Making Messaging Free on mCent

Jana’s motto is “Make the Internet free for the next billion.” We strive to achieve that goal by providing users with opportunities to offset their data costs while discovering useful apps for their Android phones. One way that we can further provide users with free access to data services is by providing our users with and reimbursing them for messaging, a feature they use every day on other platforms.

Our first version of free messaging notified users of the feature via a banner in the messaging tab.


The user would receive their compensation when they clicked the start button in the banner. The banner would disappear until the user had sent or received 5,000 messages; the banner would then reappear to indicate that they had used all their free messages. We hoped that this simple design would make it clear to our users that they were being reimbursed for their messaging data costs without adding too much noise to the messaging UI.

However, when we actually spoke to users we found that they did not understand how mCent made messaging free and how much data messages actually used. We know that 5,000 messages is about 1MB of data but users estimated over five times that much. Some users also thought that free messaging meant SMS was free. What we took from these interviews was that payments for messaging needed to be more closely tied to actually sending messages, so that the users could associate their mCent messages with reimbursement and feel that they were receiving adequate payment for all their messages.

For our second version of free messaging we knew we needed users be more aware of free messaging while they were using it, rather than just at the start and end. We decided to do this by breaking the payment into several smaller payments disbursed after every 100 messages sent or received. The new payment scheme is described in a dialog when the user opens the messaging tab.

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The use of a dialog forces the user to interact with free messaging at least once rather than a banner that they can easily ignore. Once the user has seen the dialog a footer will slide up from the bottom of the screen. The footer also contains a call to action describing what the user needs to do in order to be reimbursed for messaging.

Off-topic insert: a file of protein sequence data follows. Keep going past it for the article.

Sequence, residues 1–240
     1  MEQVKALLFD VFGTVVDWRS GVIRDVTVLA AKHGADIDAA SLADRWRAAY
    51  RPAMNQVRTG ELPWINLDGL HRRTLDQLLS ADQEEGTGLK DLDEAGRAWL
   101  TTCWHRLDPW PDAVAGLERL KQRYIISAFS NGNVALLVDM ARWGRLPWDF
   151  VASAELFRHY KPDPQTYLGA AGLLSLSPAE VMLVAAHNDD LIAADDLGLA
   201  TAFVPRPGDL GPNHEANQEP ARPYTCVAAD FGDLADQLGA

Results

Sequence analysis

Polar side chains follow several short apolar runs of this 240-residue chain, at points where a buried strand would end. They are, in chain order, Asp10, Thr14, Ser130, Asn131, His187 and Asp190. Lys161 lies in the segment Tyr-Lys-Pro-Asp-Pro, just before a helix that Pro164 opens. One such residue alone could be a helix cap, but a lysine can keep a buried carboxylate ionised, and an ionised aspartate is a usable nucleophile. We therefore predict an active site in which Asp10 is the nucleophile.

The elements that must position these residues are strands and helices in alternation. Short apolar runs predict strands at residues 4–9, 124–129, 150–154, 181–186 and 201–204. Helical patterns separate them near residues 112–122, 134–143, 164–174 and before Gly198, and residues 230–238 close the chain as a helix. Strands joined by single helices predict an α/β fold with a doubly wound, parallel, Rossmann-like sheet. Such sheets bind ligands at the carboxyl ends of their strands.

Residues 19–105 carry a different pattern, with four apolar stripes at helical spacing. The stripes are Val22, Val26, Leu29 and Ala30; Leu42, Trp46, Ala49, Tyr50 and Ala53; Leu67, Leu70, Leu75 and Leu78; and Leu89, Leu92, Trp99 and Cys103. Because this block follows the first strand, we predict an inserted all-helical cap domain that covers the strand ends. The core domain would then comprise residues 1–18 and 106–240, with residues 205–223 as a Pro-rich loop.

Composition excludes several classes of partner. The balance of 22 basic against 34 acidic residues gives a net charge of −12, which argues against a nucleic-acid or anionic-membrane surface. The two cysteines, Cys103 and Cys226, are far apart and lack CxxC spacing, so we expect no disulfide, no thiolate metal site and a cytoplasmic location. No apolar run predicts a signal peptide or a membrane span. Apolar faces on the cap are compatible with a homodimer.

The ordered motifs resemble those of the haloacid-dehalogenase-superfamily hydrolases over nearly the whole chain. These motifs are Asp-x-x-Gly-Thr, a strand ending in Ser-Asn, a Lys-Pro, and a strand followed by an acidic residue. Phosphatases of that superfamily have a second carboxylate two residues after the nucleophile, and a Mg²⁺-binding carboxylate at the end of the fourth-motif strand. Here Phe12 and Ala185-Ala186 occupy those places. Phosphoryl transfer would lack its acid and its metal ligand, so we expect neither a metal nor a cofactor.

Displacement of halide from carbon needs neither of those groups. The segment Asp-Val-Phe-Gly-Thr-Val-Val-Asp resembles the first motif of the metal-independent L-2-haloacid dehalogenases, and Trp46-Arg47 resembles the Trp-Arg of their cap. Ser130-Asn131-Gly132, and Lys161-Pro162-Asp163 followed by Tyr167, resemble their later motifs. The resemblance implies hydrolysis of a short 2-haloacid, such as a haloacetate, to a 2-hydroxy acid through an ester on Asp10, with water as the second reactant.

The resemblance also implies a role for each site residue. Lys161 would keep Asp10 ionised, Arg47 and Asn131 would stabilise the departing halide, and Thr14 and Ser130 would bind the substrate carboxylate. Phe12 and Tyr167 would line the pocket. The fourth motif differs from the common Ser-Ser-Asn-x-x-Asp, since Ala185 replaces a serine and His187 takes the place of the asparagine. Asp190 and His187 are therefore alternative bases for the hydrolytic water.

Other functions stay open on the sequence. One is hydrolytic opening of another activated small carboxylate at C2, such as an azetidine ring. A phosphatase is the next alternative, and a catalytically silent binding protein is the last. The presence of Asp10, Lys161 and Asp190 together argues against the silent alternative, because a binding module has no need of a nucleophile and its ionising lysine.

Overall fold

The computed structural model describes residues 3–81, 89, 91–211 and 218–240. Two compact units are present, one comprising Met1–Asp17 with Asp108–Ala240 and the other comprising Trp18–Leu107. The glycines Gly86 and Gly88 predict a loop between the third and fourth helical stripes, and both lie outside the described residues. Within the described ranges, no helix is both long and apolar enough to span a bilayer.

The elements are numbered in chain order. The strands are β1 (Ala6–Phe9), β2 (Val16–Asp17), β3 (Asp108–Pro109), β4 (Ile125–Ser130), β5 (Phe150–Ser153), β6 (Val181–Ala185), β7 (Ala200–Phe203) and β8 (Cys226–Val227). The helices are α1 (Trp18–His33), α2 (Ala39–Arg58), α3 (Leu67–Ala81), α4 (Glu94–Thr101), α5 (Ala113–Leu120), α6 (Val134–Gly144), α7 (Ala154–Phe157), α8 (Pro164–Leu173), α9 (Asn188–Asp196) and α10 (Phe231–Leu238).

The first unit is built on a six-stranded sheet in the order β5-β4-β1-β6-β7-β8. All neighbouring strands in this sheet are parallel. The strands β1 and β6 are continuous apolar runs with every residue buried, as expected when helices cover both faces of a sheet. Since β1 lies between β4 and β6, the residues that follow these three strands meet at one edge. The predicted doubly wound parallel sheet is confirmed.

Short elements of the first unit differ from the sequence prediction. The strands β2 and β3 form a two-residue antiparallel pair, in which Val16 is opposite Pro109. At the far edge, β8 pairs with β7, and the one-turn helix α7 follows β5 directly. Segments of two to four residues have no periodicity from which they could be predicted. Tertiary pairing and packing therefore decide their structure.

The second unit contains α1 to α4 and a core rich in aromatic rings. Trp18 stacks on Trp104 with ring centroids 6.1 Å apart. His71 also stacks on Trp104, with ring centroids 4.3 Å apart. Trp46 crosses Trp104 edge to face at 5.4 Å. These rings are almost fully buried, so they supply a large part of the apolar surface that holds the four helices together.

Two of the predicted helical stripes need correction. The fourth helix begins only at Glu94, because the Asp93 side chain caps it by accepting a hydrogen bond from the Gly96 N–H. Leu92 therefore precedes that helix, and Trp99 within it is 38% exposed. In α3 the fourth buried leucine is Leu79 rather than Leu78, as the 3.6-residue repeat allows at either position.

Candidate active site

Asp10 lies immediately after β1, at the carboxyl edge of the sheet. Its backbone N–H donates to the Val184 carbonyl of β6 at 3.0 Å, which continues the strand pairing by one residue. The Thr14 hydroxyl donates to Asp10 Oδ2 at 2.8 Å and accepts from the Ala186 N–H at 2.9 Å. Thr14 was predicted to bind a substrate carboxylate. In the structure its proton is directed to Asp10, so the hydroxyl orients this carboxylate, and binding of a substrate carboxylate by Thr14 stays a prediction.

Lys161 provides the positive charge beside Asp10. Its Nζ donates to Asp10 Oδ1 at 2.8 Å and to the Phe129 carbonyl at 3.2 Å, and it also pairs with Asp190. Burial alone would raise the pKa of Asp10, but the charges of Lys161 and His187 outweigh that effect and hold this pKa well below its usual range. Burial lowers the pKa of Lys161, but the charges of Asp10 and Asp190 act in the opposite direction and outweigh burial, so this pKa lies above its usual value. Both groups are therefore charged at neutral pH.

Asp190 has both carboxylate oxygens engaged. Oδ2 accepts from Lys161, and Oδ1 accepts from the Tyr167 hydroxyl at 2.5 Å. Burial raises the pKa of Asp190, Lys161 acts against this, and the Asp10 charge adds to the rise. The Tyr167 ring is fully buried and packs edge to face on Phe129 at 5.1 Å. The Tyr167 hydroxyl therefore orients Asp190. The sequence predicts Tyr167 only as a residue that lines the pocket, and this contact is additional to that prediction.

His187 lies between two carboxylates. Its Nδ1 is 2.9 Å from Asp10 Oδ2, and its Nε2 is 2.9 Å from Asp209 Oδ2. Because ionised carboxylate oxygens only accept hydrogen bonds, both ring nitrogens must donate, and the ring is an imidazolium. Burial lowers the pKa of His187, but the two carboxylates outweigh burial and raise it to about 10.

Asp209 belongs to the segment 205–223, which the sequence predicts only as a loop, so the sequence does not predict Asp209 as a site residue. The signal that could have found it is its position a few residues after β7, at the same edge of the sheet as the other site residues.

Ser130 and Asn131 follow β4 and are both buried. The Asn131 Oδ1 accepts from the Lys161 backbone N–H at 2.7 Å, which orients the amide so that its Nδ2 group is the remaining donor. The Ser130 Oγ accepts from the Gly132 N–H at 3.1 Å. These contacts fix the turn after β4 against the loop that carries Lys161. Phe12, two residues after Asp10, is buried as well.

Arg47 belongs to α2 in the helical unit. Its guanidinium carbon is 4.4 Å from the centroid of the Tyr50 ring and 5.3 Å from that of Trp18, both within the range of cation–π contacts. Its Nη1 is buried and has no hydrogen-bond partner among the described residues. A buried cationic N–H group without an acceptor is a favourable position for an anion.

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As the user sends and receives messages the progress bar will reflect the user’s progress toward their next reward. This provides positive feedback, excitement and a sense of accomplishment as well as a tangible way for the user to understand free messaging. Once the user has sent 100 messages the progress bar will be replaced by a five second notification that their account has been credited and their account balance will reflect the change.

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The progress bar will then reappear for the next 100 messages. Once the user has received payment for 5000 messages the payment notification will be replaced by a message thanking them for using messaging and the footer will slide off the screen.

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We chose to have a maximum number of free messages for this version so that we can assess how popular free messaging is, however the maximum number is easy to change or even remove as we iterate on free messaging.

We know that this feature is important to our users because many of them rely heavily on messaging apps to communicate with friends and family. One of the most common responses when we ask users why they use mCent is that they need more airtime to stay connected to family in other cities. With free messaging we want to meet this need directly so that data users earn through app discovery can be used to fulfill our ultimate goal, to make the internet free.



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